DISCUSSION: Composers Daniel Schorno and John Dante Prevedini discuss creativity, innovation and re-invention with Maria Nockin, Mary Mogil, Giuseppe Pennisi and Roderic Dunnett in our hour-long April 2021 video.
This is a very interesting disc. I had only previously heard Rott's Symphony and that impressed me very much. Hans Rott (1858-1884) lived a short and tragic life, marred at the end by a mental meltdown, tuberculosis and a very early death. Who knows what he might have achieved if he had lived to an old age, as he was a young man with enormous potential. He was taught by Anton Bruckner and that is quite evident from the works on this disc, but it is also evident that this is not Bruckner, as with his fellow students and friends, Gustav Mahler and Hugo Wolf.
The first piece, Hamlet Overture, was written when the composer was just eighteen. He did not complete the orchestral score, having only finished the first half, and a piano excerpt that showed the rest. This full-blown Romantic music is firmly entrenched in the tradition of Wagner and Bruckner. It is a fine student work which makes very pleasant listening and is masterfully played by the Gürzenich Orchester Köln, under the directorship of Christopher Ward. Amazingly, this is a world premiere recording.
Listen — Hans Rott: Hamlet Overture
(track 1, 7:43-8:32) © 2020 Capriccio :
The next two tracks are movements from a Suite in E major from 1878. The rest of the suite was either not completed or is lost to us. Both movements are at a leisurely pace, and the music is somewhat inward looking and intimate, but with grand climaxes. Rott shows he has a fine grasp of orchestration, and the music is warm and personable. Of all the works on this disc, this is the one that reminds me the most of Bruckner.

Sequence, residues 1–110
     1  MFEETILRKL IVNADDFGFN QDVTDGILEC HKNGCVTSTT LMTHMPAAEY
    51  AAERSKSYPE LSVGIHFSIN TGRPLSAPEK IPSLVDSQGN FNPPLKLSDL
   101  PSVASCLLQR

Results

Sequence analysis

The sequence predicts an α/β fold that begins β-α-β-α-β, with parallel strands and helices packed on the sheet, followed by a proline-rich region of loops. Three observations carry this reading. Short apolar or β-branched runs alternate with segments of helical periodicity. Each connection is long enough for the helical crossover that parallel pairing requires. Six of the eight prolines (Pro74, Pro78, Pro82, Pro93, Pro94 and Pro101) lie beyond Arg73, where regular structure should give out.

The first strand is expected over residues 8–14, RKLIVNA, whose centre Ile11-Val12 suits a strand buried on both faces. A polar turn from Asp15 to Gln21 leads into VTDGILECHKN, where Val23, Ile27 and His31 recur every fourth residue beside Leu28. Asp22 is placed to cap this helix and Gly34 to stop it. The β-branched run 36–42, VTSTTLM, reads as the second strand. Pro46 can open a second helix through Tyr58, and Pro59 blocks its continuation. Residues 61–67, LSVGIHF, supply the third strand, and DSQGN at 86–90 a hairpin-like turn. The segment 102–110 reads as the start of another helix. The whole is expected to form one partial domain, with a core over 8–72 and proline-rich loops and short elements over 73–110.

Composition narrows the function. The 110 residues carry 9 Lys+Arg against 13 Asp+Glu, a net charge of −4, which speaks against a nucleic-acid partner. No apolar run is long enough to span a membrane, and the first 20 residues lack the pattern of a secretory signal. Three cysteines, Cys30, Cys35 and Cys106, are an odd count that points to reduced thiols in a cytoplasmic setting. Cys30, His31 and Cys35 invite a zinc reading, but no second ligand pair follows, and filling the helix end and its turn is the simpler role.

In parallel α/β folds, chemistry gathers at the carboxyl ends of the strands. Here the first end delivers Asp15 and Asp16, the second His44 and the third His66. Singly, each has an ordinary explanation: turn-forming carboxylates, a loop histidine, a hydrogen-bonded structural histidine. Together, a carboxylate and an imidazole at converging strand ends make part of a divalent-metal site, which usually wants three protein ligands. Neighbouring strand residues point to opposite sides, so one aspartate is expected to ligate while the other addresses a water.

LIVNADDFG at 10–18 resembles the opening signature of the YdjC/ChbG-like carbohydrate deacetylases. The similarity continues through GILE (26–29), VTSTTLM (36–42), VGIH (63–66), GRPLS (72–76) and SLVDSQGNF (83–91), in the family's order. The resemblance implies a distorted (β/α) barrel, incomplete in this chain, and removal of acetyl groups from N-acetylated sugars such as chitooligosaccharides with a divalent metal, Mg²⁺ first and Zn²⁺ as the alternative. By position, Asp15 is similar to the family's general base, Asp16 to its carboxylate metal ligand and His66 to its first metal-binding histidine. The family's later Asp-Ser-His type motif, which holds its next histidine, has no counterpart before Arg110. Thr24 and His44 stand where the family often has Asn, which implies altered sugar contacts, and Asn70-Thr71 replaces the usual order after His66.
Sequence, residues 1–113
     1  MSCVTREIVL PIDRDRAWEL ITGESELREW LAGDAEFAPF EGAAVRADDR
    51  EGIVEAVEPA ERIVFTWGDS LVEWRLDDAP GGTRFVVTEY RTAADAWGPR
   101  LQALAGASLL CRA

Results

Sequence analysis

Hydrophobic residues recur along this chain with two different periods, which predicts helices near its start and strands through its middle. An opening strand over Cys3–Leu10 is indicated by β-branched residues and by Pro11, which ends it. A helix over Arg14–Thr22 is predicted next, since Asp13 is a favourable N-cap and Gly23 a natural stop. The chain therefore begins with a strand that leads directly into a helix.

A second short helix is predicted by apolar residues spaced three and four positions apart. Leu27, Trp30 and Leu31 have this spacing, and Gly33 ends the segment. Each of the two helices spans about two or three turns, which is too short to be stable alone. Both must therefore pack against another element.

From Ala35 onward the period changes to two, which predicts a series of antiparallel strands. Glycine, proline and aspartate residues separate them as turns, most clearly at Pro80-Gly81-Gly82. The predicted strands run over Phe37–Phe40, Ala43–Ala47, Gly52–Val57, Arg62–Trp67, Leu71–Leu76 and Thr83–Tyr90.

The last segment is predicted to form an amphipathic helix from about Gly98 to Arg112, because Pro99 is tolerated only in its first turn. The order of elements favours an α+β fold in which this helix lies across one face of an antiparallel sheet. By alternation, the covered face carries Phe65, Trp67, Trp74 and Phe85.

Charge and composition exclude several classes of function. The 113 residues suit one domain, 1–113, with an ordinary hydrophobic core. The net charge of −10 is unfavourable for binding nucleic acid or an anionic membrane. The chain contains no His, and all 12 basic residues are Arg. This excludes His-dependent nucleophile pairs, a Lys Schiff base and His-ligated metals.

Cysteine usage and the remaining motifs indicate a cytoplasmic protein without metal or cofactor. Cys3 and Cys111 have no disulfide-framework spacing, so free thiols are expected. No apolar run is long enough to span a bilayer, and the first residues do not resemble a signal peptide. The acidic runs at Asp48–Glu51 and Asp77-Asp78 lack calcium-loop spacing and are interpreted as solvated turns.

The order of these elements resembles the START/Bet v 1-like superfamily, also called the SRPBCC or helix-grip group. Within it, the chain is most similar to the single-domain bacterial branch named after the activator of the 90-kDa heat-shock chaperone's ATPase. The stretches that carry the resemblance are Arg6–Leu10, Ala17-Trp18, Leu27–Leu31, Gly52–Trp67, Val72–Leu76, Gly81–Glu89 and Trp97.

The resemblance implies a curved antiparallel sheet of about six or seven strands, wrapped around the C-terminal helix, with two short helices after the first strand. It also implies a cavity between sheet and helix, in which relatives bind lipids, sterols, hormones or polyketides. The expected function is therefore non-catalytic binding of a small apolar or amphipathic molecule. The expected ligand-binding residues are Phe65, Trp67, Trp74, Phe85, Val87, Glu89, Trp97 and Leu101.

Listen — Hans Rott: Langsam (Suite in E)
(track 3, 0:00-0:52) © 2020 Capriccio :
The Prelude to Julius Caesar from 1877 is quite grand and Wagnerian in style, perhaps, as the notes suggested, because the previous summer, Rott had attended the first Beyreuth Festival. Like the Hamlet Overture, it is unclear as whether this was incidental music for plays or was intended for an eventual opera.
Listen — Hans Rott: Prelude to Julius Cäsar
(track 4, 4:08-5:01) © 2020 Capriccio :
The Orchestral Prelude in E major is a brief work written by the eighteen-year-old, probably as an exercise. It is believed that this is inspired by Wagner's Lohengrin, which Rott had heard earlier the same year.
This is followed by two very short movements of another incomplete suite, the Suite in B flat major, from 1877. The first movement, a Scherzo, reminds me again of Bruckner, but as an exercise, with considerable more brevity.
Listen — Hans Rott: Scherzo (Suite in B flat)
(track 6, 0:01-0:46) © 2020 Capriccio :
The second track, the Finale, is marked 'Sehr Schnell' and is in the form of a brief fugue. It is masterfully conceived. Although both movements are brief, they are self-contained and satisfying music.
The gem for me is the longest and last work on the disc, the Pastoral Prelude in F major. Right from the outset I could only admire the composer's mastery. He wrote this work over a three year period, completing it in 1880. One can hear striking individuality in the harmonic progressions, gifted orchestration and the imitation of birdsong. In the final third of the movement, Rott displays remarkable ability in composing a fugue. This is the work for me, on this disc, which gives a glimpse of what might have been.
Listen — Hans Rott: Pastoral Prelude in F
(track 8, 9:05-10:01) © 2020 Capriccio :
This is a disc well worth acquiring, not least for its fine performances and warmth of sound, but also to showcase a few emerging pieces of what could have been a remarkable composer.
Copyright © 2 November 2020